Surge Credit Card Review

We’ve all been there – maybe you made some bad decisions early in your credit career, or just couldn’t handle the responsibility of unsecured credit. As a result, you ended up with bad credit. Luckily, there are secured credit cards like the Surge Credit Card to help you out, and get your credit back to where it used to be.

The Surge Credit Card, like most secured cards, are essentially high-interest, high-fee credit cards that are nonetheless offered to people with subpar credit so they can beef up their score after a rough patch. This comes from Continental Finance, the company that also provides the Verve, Cerulean and Matrix Cards, making this their entry into the world of subprime cards.

The barrier to entry for this card is low – with few exceptions, you can get approved for the Surge card within ten minutes – and, given time and good spending, you can show you can be trusted with a card again. In this respect, the Surge Card can be used in the right circumstances as a lifeline for those with poor credit.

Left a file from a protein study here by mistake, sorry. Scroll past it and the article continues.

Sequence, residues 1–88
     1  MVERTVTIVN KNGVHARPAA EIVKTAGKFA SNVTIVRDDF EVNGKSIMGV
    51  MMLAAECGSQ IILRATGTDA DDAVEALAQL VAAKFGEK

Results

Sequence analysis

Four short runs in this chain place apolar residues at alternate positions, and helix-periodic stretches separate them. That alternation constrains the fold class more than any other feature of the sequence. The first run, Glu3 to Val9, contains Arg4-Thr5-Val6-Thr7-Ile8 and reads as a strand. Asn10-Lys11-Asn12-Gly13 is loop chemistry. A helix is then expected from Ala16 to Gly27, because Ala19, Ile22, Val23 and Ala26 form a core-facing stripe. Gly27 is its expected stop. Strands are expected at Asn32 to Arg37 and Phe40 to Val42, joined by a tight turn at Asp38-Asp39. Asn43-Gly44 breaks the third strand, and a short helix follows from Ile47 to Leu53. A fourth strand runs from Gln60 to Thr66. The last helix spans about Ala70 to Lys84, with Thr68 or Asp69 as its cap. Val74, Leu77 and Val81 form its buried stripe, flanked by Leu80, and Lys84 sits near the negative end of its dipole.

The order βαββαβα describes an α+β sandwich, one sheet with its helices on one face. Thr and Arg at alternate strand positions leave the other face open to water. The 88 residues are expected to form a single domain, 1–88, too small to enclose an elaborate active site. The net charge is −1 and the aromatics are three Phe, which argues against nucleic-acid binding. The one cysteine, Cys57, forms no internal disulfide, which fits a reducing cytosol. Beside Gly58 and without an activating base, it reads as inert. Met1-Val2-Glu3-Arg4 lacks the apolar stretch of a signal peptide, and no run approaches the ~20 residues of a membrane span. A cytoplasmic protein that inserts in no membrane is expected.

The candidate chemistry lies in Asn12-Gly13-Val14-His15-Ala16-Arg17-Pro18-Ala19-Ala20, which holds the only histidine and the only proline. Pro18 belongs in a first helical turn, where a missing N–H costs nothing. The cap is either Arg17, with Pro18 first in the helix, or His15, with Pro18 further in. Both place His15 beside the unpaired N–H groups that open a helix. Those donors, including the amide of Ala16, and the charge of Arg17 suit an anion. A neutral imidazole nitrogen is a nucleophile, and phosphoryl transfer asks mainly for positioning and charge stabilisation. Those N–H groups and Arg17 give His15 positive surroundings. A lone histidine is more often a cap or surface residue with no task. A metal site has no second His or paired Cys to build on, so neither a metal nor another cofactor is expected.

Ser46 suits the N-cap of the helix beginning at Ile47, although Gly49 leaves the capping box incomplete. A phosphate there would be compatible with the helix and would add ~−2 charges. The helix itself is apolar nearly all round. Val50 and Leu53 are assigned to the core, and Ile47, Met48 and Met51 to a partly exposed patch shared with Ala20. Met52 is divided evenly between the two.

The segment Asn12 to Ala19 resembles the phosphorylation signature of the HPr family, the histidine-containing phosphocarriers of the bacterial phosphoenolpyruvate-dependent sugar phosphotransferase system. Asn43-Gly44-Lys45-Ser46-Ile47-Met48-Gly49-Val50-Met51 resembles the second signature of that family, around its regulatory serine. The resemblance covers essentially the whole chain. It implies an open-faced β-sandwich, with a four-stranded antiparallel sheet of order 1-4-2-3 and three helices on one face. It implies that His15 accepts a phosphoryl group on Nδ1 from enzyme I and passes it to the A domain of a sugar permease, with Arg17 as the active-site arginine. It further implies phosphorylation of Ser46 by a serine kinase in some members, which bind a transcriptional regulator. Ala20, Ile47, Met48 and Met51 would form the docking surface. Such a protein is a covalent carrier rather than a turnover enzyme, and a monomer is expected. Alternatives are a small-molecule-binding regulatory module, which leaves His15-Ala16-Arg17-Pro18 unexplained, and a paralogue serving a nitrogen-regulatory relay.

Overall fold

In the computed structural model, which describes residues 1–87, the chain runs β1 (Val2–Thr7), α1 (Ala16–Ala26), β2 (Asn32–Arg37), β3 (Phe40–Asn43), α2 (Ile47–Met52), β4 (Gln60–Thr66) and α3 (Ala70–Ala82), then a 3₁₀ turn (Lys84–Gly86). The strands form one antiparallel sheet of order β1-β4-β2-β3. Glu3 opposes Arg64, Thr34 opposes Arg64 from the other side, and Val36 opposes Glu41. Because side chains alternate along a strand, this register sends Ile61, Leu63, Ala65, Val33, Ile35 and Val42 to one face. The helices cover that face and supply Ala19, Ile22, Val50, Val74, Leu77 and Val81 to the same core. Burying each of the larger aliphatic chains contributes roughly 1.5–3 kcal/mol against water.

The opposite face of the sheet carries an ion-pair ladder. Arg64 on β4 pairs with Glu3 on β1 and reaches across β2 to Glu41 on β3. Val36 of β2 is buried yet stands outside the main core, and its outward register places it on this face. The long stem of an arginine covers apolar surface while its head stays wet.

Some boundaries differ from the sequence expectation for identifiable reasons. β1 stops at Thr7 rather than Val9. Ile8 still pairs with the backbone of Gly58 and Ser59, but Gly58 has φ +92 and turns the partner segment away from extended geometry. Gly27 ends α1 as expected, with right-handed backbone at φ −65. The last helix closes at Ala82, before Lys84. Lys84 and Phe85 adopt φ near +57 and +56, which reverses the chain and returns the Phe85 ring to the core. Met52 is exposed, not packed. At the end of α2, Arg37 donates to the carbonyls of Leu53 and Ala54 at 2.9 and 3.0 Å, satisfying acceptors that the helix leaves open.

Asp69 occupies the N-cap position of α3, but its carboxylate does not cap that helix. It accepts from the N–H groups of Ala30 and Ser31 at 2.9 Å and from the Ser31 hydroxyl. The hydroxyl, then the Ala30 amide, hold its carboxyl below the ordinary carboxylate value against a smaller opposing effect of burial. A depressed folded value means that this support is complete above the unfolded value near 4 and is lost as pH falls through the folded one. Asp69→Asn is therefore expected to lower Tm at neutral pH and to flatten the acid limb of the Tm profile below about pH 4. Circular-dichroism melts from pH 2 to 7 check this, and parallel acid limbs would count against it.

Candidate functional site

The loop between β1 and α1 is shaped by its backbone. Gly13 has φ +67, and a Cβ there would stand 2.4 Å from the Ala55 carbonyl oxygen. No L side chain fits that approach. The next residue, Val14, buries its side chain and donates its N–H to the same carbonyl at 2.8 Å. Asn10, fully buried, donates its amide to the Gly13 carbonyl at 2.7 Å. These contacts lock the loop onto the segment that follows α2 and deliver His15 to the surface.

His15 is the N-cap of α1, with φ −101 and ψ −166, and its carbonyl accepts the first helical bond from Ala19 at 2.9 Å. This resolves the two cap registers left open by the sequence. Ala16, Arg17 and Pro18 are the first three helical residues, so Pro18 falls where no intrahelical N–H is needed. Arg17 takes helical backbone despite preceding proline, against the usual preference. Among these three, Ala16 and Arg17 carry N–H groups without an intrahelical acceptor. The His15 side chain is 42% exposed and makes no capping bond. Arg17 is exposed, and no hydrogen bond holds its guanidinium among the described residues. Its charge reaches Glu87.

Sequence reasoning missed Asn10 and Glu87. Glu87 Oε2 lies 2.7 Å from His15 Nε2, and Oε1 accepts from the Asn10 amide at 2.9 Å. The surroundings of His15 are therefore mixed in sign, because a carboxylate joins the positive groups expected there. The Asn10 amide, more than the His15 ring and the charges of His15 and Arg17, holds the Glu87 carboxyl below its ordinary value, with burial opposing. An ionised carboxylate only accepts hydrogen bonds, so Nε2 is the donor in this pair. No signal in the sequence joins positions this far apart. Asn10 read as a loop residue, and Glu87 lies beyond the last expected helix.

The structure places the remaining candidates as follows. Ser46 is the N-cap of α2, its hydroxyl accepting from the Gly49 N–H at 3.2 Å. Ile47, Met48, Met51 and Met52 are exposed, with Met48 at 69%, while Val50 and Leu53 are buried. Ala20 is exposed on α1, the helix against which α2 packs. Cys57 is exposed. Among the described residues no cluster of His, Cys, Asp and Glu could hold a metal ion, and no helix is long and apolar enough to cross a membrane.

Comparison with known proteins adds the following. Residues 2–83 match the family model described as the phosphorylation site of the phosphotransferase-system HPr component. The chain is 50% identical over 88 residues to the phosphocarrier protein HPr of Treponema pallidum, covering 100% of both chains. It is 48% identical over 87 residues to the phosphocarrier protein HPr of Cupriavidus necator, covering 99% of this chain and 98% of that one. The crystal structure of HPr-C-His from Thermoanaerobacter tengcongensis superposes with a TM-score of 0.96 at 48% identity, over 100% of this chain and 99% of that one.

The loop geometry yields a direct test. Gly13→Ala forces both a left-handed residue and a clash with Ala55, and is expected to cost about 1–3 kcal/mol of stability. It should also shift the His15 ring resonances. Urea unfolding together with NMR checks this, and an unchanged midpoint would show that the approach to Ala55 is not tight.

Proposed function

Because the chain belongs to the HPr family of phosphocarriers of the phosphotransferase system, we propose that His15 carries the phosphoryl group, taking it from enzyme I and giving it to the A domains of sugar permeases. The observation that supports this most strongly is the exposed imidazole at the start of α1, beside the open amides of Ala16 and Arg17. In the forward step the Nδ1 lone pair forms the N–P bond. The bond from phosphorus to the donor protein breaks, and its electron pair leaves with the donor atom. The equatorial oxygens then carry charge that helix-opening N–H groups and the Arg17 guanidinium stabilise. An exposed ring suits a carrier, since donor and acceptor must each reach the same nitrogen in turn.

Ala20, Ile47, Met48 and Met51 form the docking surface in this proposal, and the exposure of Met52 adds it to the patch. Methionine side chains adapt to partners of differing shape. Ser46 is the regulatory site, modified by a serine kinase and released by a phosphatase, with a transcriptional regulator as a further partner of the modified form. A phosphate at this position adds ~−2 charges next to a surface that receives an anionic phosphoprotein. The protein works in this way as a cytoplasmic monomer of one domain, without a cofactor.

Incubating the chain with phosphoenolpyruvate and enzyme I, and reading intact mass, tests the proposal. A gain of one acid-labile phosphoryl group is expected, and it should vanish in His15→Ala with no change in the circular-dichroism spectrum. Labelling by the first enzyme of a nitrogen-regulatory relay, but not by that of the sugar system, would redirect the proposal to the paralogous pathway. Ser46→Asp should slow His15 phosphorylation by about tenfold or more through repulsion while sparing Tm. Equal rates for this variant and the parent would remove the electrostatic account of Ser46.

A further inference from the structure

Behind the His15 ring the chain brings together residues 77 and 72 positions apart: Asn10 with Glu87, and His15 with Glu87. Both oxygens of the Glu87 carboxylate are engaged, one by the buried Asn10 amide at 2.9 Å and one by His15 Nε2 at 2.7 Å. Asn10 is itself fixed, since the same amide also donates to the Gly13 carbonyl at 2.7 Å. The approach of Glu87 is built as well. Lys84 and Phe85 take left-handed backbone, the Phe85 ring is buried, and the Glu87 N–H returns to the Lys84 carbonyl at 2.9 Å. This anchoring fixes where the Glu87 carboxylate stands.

As a secured card, the Surge Credit Card is fairly unremarkable, but for a high credit limit for a card of this type that might give those with poor credit a little wiggle room right out of the gate. However, that’s also coupled with an unforgiving APR and a large annual fee that will cut into whatever good faith payments you’re trying to make.

The Surge Credit Card is meant to be nothing more than a temporary step in one’s journey to restore their credit. It may have some robust features for that purpose alone, but in almost any other circumstance there are better cards to choose from.

Our Overall Rating

As secured credit cards go, the Surge Credit Card isn’t too bad. It allows basically anyone with a checking account to get it, giving you an easy way to gain a new credit card and build up your credit as needed. Just be sure to pay off your balances on time, and you can establish a history of good credit that will allow you access to better cards.